If you have a traditional retirement account with a brokerage, you may be limited to investments that include stocks, bonds, and funds. Financial institutions like Vanguard, Schwab, and Fidelity make the rules about which investments they offer with retirement accounts.
You can invest in alternative assets by moving your retirement account to a self-directed IRA provider. Then, you’ll have the freedom you need to invest in real estate, gold, peer-to-peer loans, Bitcoin, and startups. All gains in a self-directed IRA are tax-sheltered if you leave the money in the account.
Here Are The Best Self-Directed IRA Providers:
Main advantage: Real-time transfers to and from Bank of America account, Merrill investments can earn Bank of America Preferred Rewards benefits
Main disadvantage: Best for investors with a substantial retirement account balance
Merrill Edge’s self-directed IRA has a promotional offer of up to $600 in account bonuses for certain new investors. You must fund your Merrill Edge self-directed IRA with at least $20,000 in new assets within 45 days of opening your account to qualify for the lowest $100 bonus tier. Transfers from some other institutions that are also Merrill Edge business units won’t work for this promotion. The list of rules is long, but if you are planning to open a self-directed IRA anyway, it may be worth taking a few minutes to understand whether you can qualify for the bonus.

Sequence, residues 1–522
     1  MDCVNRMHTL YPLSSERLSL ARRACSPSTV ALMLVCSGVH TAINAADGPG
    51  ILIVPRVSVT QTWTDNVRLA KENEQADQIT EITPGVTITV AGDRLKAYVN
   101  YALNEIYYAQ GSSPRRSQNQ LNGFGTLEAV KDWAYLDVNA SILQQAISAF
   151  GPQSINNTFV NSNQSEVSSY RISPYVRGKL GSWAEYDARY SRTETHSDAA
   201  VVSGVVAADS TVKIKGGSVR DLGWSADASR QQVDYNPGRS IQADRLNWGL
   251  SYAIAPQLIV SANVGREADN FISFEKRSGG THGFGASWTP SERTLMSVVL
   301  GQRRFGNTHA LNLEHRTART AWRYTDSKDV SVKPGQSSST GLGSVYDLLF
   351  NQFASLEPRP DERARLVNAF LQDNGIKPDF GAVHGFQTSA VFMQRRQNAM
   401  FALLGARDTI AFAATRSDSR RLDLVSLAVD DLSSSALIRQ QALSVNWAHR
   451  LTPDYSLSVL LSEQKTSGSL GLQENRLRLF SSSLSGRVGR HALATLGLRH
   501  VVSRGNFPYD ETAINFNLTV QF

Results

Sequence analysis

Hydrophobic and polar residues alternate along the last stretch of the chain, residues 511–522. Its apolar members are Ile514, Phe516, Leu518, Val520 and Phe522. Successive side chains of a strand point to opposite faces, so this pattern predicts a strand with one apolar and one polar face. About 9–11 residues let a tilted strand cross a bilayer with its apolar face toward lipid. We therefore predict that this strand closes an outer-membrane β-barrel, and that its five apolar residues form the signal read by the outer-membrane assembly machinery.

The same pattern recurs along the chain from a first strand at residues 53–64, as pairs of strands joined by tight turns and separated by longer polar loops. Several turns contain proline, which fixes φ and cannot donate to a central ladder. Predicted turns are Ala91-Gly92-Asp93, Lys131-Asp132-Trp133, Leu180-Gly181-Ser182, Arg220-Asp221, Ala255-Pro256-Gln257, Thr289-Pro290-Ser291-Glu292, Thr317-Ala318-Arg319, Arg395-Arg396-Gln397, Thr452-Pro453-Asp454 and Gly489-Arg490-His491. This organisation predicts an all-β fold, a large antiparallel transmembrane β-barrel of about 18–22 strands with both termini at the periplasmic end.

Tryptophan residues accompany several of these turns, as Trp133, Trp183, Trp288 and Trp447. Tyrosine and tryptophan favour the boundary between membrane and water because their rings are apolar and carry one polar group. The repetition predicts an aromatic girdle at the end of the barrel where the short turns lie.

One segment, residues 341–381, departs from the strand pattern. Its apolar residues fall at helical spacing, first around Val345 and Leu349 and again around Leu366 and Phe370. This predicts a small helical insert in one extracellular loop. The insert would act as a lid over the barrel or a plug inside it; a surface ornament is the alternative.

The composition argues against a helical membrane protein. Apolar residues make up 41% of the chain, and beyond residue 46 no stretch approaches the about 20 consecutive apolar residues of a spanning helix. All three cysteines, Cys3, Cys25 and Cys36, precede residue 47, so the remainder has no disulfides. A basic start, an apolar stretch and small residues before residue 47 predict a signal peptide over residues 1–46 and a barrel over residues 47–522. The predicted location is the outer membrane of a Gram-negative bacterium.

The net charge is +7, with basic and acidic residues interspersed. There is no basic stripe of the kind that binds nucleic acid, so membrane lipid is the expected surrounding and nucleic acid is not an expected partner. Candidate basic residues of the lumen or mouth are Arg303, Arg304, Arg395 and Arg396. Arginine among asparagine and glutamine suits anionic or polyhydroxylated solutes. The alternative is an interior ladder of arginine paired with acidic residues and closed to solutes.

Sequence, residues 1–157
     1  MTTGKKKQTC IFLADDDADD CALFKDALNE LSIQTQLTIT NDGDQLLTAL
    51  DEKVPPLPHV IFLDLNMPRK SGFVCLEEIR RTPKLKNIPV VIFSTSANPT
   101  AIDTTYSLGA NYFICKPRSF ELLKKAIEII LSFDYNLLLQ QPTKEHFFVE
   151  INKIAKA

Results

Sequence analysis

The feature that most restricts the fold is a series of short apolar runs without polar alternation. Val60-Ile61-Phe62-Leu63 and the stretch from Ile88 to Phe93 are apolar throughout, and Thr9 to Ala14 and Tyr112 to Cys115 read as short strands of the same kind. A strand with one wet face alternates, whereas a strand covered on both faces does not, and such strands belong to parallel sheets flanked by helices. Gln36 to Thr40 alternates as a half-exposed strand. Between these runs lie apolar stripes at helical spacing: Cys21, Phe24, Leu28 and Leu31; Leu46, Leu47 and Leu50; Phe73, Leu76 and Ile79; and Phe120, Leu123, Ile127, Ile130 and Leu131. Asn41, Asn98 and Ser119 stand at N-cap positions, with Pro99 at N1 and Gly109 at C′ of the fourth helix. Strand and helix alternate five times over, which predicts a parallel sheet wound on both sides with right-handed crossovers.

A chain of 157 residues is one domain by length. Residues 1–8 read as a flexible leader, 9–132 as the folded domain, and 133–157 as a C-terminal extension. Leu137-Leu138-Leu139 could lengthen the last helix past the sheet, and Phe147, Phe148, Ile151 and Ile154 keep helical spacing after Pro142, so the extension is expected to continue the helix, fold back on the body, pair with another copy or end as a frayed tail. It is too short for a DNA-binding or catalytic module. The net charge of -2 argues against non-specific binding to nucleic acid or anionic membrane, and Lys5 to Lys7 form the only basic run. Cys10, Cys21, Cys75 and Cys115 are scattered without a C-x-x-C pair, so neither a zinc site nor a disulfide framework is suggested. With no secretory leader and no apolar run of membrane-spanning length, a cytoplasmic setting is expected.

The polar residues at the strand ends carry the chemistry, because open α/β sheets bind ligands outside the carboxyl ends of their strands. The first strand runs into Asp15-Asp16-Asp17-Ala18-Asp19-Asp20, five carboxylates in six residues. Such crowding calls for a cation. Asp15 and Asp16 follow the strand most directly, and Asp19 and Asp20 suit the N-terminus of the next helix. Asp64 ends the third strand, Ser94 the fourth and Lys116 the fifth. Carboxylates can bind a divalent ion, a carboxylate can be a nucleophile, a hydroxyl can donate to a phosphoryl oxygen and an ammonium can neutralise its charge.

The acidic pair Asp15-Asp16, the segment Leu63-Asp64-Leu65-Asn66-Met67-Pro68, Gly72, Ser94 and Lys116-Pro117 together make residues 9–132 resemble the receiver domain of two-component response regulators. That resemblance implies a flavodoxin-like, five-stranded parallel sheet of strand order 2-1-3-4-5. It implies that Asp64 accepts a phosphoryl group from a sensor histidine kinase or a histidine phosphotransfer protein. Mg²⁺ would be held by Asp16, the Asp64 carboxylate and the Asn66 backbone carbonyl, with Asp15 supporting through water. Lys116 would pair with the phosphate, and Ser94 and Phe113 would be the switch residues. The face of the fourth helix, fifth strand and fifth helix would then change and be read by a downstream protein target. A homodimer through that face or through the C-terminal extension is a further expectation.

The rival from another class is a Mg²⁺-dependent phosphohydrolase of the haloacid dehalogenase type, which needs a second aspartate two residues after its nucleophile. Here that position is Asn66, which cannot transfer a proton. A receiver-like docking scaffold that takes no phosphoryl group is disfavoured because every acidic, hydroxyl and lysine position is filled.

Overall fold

Merrill Edge has earned a number of prestigious awards for their investment accounts:
- Kiplinger’s Best Online Brokers in 2020 for User Experience
- Institutional Investors’ Best Global Research Firm
- StockBrokers.com’s 2020 Annual Review Best Overall Client Experience and ESG investing
- J.D. Power 2019 Outstanding Customer Service Experience for phone support
Up to $2,500 – $9, up to $10,000 – $29, up to $20,000 – $49, up to $50,000 – 99, over $50,000 – $199 + $99 for a single platform partner investment or $199 for two or more platform partner investments + $49 quarterly reporting fee + up to $499 annual reporting free based on the number of investments
SEP-IRA, IRA, Roth IRA
Main advantage: Accounts are easy to set up for first-time users
Main disadvantage: Complicated fee structure
With Alto, you can choose a Roth IRA, traditional IRA, or SEP-IRA. You can also choose whether to make direct investments (without Alto’s involvement) or use Alto’s IRA partners. Alto’s partners work with angel investing funds, crypto exchanges, real estate lending companies, and other investment opportunities. Certain investments require you to earn at least $250,000 per year or have a net worth over $1 million. You can also use Alto to invest in private deals like lending money to a friend so they can start a business or buying an investment property.
If you choose to use Alto to facilitate an investment using your retirement funds, be careful not to accidentally create a taxable event that would cause you to lose the tax-sheltered status of your gains. A tax attorney can help you navigate the process.
Main advantage: Low-cost platform
Main disadvantage: This is a new company, started in 2018
After transferring funds, Rocket Dollar sets up an LLC for you that’s owned by your retirement account. When you receive money or spend money, it goes through the LLC’s checkbook. It’s not possible to mix your personal funds and your investment funds. Although having an LLC in charge of investments makes staying compliant with the law simpler, you still have to be careful to follow the rules to the letter. For example, you can’t buy or sell anything that is owned by you or your business. If you need to file a 1099-R or 5500 form, Rocket Dollar helps with that, too.